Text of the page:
Crossing Brooklyn Ferry
How we cite our quotes:
We descend upon you and all things – we arrest you all,
We realize the Soul only by you, you faithful solids and fluids, (lines 137-138)
Like a fighter pilot closing in our target, we've got those slippery "things" in our sights. The speaker suggests that understanding the world is a matter of perception – that is, of seeing things in the right way.
You have waited, you always wait, you dumb, beautiful ministers! you novices!
We receive you with free sense at last, and are insatiate henceforward,
Not you any more shall be able to foil us, or with- hold yourselves from us,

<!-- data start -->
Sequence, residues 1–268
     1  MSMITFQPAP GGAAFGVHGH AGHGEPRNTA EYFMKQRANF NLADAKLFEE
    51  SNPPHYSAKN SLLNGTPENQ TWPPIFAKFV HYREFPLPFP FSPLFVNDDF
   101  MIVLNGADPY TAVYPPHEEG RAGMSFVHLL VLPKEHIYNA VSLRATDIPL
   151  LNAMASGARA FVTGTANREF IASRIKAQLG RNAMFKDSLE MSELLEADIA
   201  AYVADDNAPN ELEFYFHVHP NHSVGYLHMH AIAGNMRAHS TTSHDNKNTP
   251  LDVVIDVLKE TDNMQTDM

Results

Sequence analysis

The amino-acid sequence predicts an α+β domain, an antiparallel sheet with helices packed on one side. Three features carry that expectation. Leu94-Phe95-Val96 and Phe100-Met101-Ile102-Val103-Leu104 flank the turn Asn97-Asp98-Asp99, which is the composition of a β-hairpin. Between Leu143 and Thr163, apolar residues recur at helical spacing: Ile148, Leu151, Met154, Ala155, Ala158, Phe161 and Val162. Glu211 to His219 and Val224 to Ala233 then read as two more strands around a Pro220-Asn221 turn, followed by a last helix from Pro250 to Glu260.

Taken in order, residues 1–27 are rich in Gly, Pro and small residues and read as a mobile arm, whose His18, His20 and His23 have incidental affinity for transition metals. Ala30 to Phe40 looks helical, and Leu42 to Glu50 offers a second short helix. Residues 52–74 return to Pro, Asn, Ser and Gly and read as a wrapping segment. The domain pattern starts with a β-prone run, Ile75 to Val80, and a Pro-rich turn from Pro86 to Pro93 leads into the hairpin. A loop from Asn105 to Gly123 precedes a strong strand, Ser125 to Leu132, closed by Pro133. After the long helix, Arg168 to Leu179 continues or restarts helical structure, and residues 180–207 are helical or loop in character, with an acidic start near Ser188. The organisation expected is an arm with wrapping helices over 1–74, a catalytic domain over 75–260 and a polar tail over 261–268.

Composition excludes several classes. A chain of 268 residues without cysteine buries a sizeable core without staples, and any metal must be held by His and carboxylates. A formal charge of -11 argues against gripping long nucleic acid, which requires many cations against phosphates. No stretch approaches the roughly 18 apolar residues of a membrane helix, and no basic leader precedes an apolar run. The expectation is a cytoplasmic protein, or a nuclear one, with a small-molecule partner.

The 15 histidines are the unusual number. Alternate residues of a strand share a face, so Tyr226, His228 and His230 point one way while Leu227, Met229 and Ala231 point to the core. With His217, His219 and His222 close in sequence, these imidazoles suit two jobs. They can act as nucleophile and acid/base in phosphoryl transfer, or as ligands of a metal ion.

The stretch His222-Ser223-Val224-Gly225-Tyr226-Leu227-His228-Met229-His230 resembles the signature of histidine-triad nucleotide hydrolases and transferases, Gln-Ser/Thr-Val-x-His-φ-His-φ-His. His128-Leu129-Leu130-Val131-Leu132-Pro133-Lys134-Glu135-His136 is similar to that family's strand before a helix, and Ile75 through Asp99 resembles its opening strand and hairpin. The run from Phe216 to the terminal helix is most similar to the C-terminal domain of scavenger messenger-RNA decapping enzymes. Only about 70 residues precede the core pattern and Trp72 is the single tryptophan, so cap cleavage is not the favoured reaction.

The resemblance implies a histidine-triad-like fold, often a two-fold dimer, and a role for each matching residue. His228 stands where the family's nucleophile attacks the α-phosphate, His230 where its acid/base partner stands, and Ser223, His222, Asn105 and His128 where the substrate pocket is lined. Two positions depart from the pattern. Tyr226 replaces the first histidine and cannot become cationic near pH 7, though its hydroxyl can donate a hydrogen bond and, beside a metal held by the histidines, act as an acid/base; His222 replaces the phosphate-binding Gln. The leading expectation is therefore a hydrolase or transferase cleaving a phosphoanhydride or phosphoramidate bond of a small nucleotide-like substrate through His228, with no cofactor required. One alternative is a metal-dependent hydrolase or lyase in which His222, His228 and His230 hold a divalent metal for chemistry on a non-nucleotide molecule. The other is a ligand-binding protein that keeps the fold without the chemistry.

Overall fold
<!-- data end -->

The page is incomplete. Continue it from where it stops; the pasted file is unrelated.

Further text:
We use you, and do not cast you aside – we plant you permanently within us,
We fathom you not – we love you – there is perfection in you also,
You furnish your parts toward eternity,
Great or small, you furnish your parts toward the Soul. (lines 141-147)
The speaker calls material things the true clergy – "ministers" and "novices" – of the spiritual world. For most of the poem, philosophical discussions like this one have been layered into the description of the view from the ferry. But here the spiritual element takes over completely. The physical world provides the "parts" – the building blocks – for traditional religious concepts like eternity and the Soul. This view would put the speaker at odds with many traditional Christian theologians, who would say that the soul exists apart from the world.